Documents Relating to New Zealand's Participation in the Second World War 1939–45: Volume II
390 — The Prime Minister of New Zealand to the Prime Minister of the United Kingdom
The Prime Minister of New Zealand to the Prime Minister of the United Kingdom
I wish to thank you for making available to us a copy of your message to Mr. Curtin, the implications of which are of immediate concern to New Zealand.1
1 See Volume III, Proposals for Participation in Operations against Japan. In this telegram, dated 23 Aug, Mr. Churchill repeated for the information of the two Dominion Prime Ministers a telegram sent by the United Kingdom Chiefs of Staff to the United States Chiefs of Staff explaining the conclusions reached by the Defence Committee on the strategy for the war against Japan.
You are well aware of the problem we face in regard to our two divisions. I appreciate the ready acceptance given by yourself and the Chiefs of Staff to the general understanding that our 2nd Division should return from Italy, when it could be spared, in order to enable us to build up a new division for service in the war against Japan.
Since I saw you there has been a further change in the disposition of our forces in the Pacific. You will recall that it was decided, on the advice of the Combined Chiefs of Staff, to withdraw the 3rd Division from active operations in the Pacific and to concentrate cadres in New Caledonia, which were to be used for rebuilding a new division for service against the Japanese in 1945. However, at the instance of the Americans, these cadres have now been moved from New Caledonia back to New Zealand.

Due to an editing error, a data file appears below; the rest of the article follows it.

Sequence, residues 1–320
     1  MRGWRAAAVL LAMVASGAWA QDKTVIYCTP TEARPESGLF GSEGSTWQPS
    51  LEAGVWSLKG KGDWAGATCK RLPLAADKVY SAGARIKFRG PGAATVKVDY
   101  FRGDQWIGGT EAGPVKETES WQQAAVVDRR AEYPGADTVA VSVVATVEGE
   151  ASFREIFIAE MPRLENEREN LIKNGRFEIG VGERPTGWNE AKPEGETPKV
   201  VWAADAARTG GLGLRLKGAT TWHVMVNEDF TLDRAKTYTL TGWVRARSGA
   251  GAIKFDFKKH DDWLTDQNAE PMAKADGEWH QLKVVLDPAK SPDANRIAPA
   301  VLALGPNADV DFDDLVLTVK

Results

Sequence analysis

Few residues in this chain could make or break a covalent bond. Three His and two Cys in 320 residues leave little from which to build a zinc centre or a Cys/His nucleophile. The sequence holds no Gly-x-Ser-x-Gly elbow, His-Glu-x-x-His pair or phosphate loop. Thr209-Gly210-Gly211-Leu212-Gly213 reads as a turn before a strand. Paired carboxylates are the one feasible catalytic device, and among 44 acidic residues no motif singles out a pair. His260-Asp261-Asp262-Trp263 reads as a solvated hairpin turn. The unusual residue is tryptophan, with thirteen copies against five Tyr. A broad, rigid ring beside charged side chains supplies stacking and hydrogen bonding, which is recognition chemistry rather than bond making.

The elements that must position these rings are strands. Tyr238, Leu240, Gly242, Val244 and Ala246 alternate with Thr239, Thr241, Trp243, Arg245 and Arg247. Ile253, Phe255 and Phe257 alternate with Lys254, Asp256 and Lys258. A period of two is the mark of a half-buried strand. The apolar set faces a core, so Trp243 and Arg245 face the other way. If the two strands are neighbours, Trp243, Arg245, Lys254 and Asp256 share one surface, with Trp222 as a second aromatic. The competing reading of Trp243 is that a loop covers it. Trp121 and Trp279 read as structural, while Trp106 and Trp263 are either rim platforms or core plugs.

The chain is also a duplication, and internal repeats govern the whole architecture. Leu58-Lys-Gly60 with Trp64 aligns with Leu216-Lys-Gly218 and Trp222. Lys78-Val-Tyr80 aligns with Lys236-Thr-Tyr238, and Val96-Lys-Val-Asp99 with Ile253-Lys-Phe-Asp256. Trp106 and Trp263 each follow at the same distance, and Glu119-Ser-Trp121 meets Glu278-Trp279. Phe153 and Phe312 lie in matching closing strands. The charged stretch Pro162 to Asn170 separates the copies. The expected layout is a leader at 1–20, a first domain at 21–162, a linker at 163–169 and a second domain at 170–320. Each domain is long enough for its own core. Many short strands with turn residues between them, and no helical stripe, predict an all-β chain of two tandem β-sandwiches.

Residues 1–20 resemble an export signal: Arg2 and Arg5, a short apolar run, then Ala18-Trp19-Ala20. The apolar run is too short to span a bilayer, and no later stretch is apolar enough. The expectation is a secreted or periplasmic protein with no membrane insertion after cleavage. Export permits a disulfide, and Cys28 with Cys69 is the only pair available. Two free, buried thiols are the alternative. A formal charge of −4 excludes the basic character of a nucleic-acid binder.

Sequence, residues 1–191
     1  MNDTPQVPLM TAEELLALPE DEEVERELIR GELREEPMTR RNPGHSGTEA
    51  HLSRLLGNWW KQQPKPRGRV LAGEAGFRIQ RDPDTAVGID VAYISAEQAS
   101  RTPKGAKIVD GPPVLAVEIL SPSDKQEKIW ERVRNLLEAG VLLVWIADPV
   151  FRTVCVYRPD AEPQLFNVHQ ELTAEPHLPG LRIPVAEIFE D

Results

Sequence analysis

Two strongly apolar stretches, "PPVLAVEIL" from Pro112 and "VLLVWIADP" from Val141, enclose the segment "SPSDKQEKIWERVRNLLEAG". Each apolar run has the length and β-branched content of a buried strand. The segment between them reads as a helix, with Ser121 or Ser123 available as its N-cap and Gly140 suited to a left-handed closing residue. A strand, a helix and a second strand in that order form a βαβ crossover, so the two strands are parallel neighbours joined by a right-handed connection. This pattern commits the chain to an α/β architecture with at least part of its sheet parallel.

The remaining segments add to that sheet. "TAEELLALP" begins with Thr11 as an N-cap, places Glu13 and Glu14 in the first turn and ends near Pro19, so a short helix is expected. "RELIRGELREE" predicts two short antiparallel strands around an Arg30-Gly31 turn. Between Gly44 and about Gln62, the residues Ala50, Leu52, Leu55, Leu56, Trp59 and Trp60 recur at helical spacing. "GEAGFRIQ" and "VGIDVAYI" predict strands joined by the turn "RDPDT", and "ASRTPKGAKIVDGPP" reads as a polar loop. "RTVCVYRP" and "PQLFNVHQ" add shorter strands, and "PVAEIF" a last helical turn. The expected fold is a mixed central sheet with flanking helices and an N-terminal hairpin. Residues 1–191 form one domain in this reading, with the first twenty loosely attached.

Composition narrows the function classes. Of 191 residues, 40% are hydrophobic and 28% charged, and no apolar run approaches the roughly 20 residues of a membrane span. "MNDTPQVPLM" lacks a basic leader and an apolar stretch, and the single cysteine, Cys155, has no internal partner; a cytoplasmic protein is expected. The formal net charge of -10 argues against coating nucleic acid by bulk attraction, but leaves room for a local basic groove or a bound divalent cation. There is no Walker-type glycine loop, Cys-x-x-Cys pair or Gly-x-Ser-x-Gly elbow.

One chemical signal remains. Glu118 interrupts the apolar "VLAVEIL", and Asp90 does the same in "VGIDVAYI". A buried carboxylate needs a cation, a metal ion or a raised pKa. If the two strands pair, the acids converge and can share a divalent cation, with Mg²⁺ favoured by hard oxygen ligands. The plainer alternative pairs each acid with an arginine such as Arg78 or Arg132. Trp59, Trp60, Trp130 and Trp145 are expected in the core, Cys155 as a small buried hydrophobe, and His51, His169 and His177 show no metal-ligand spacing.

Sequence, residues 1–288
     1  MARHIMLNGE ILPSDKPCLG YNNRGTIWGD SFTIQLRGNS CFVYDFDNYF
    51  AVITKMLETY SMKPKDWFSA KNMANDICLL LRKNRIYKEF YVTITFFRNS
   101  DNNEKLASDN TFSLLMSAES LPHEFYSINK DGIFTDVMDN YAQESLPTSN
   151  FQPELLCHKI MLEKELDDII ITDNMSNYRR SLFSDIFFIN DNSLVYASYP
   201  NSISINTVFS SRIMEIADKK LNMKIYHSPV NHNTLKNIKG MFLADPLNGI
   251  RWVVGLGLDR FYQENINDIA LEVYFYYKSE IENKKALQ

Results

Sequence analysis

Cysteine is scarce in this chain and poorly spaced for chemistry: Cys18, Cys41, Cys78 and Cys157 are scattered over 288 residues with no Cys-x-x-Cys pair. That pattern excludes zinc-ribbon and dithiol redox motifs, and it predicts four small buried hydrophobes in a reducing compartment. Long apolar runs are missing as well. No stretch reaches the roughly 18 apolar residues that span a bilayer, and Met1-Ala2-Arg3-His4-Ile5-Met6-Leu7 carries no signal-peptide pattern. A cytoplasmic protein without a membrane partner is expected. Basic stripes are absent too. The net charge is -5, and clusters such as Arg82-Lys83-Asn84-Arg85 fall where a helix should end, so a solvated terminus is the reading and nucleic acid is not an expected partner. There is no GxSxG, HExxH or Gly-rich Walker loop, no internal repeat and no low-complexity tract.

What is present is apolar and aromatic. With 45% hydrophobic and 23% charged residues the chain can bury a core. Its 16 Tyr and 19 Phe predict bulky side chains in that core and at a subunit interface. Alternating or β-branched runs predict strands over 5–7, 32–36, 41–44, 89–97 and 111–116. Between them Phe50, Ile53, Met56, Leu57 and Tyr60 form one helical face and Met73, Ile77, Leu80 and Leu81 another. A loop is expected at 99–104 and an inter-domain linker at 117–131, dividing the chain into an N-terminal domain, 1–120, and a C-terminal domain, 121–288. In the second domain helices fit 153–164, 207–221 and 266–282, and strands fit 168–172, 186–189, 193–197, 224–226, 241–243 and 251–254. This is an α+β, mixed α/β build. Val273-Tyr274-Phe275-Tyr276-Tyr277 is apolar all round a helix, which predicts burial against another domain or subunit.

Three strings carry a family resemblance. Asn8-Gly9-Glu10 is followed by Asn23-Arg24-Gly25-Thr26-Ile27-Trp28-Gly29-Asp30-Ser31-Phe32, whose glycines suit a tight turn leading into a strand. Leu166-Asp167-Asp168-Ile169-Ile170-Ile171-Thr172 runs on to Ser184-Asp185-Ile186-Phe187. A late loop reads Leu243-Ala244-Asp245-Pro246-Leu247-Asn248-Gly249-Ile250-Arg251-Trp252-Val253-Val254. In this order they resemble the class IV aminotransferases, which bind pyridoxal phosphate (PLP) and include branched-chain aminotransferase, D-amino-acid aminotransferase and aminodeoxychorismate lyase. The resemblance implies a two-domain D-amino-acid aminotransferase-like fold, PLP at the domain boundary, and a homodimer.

We have delayed making a final decision on the disposition of our land forces overseas, firstly, because we were reluctant to take our 2nd Division out of action in the European theatre unless we had some firm indication that New Zealand troops would be required in the Pacific and would be given a definite role in the war against Japan, and secondly, because we did not want to ask for the withdrawal of our Division in Italy at a time when the forces there were actively engaged in what may well be the final victorious stage of the war against Germany, and in operations in which, as you yourself advised me only a few days ago, the Division is sorely needed.1
It was assumed from the tentative plans being discussed while I was in London that a New Zealand division would take its place with United Kingdom and Australian divisions in a British Commonwealth force, but from your telegram to Mr. Curtin it would appear that the British Commonwealth task force—land, sea, and air—is now rated only as a second alternative to a British naval force, which it is desired should serve with the Americans.
I saw with great pleasure about 15,000 men of your really magnificent Division in the best of spirits and had lunch with General Freyberg and his officers yesterday. I told them a good many things they had not heard and would not hear in the ordinary course. Freyberg sends his respects and good wishes and so do I.
The Division is sorely needed in the forthcoming operations.
In view of its bearing on the future participation of New Zealand troops in the war, I would be glad to have at the earliest possible opportunity the decision of His Majesty's Government in the United Kingdom as to their present plans for the participation of British Commonwealth forces in the war in the Pacific.1